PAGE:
New Orleans There was a breathless article in the New York Times with a Las Vegas dateline purporting to have found something new under the sun, at least the desert sun, and the discovery was squatters. The sources attesting to the fact that the sky was falling and the horror of it all were, unsurprisingly, the police and neighbors.
The Vegas police began counting statistics several years ago of complaints being filed with the department alleging that there were squatters in the neighborhood. According to the report, “… there were more than 4,000 complaints last year, up 43 percent from 2014 and more than twice as many as in 2012.” Numerous neighbors were interviewed, particularly in high-end neighborhoods where squatters had taken over houses pushing the million dollar mark complete with swimming pools. Oh, my!
The one side of the story missing was of course any discussion from any of the actual so-called squatters. The police couched their side of the story in lurid tales of drug dens, counterfeiters, burglars, and the like. One story felt to be especially poignant was a confrontation with children of one family where a child produced a copy of a lease and the police wove a tale from the family of paying someone in cash monthly at a casino. The whine here was that it takes the police time to investigate whether the lease is valid and so forth and so on.
Where in the world are people imagining that families whose homes were foreclosed by the tens of thousands and even millions went? Is there a fairy tale somewhere that they all just got a U-Haul and moved happily ever after to affordable housing on the other side of town? Poppycock! The reporter also added in the story that squatting was also a common problem in places like Florida and Detroit. Who are we kidding? People have been squatting in houses in Detroit for decades for goodness sake.
They have also been squatting in the foreclosure “zone” of America in high numbers ever since the financial crisis and the housing meltdown. Five or six years ago in Phoenix, I stood with a couple in front of the house they thought they were renting and preparing to buy as they surveyed the block in a neighborhood of low-slung brick houses in the city. They pointed from house to house the ones that were vacant, the ones where families were living after the house had already been foreclosed, the ones where families were living waiting for foreclosure, the ones that new families were trying to occupy to buy, and the minority that tended to be older families that were stable. In their case they were later evicted after it turned out that the money they were paying to secure the house in lieu of a deposit was being collected by someone who was not in complete possession of the house. Where they squatters or just suckers desperate to believe a story perhaps too good to be true? Well, yes, in the eyes of the police maybe, but what were they really other than victims of a triple scam of sorts at the end of the line of multiple foreclosures.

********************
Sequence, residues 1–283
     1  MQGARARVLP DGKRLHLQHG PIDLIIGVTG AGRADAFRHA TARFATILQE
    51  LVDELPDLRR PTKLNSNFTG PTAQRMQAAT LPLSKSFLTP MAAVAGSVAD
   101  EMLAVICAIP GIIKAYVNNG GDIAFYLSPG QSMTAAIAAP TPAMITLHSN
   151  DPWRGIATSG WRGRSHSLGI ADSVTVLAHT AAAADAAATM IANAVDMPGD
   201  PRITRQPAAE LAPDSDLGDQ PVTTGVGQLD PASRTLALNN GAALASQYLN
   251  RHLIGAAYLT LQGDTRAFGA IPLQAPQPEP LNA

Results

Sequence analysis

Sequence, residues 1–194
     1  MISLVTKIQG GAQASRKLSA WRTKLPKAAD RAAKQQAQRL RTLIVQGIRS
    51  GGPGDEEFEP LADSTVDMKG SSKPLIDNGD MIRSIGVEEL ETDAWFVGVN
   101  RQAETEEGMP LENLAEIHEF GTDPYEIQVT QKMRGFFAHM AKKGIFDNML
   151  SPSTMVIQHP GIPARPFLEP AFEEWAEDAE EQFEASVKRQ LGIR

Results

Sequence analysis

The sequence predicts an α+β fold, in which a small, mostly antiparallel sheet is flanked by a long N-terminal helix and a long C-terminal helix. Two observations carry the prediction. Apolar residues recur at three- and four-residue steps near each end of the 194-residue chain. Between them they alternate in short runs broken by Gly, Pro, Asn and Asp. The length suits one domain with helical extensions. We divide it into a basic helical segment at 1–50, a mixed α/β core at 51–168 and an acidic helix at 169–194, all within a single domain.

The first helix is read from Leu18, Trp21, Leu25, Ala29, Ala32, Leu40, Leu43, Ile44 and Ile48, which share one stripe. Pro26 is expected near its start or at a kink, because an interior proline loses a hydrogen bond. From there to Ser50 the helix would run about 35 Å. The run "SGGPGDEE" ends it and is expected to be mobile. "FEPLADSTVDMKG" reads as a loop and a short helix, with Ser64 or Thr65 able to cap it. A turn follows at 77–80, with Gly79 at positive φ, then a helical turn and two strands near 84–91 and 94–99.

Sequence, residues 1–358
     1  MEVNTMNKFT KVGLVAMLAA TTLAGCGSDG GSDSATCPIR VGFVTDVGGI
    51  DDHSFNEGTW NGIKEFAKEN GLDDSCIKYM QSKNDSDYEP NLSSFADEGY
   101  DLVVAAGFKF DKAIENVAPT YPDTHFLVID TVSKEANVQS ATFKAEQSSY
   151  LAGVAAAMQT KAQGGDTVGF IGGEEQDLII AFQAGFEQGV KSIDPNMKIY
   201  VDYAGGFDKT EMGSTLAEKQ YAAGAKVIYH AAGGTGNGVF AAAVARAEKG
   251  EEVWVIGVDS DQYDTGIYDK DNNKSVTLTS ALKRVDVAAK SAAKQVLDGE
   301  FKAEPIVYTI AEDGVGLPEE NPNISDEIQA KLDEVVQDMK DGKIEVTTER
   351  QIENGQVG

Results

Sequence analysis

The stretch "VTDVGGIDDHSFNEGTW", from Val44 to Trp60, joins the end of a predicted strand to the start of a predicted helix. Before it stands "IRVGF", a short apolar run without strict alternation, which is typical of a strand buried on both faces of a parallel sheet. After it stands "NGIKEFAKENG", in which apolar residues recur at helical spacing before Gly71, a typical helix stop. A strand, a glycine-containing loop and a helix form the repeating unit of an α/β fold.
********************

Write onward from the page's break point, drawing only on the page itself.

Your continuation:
What’s the beef here? Would these homes in Florida, Arizona, and Nevada and similar foreclosure zones be better off boarded, vacant, and deteriorating and duplicating too many abandoned areas in Detroit, Buffalo, Philly, and elsewhere? Or would they be better off with families trying to make them homes again? Are the cities of the South and Southwest going to learn a different lesson than the cities of the Midwest and Northeast? Vacant houses in sufficient number will be vandalized. There’s a guarantee that comes with those homes.
There’s nothing new about squatting and scams, but there would be something new with public policy that matched houses that need people with people that need houses. Learning that lesson would be big news everywhere!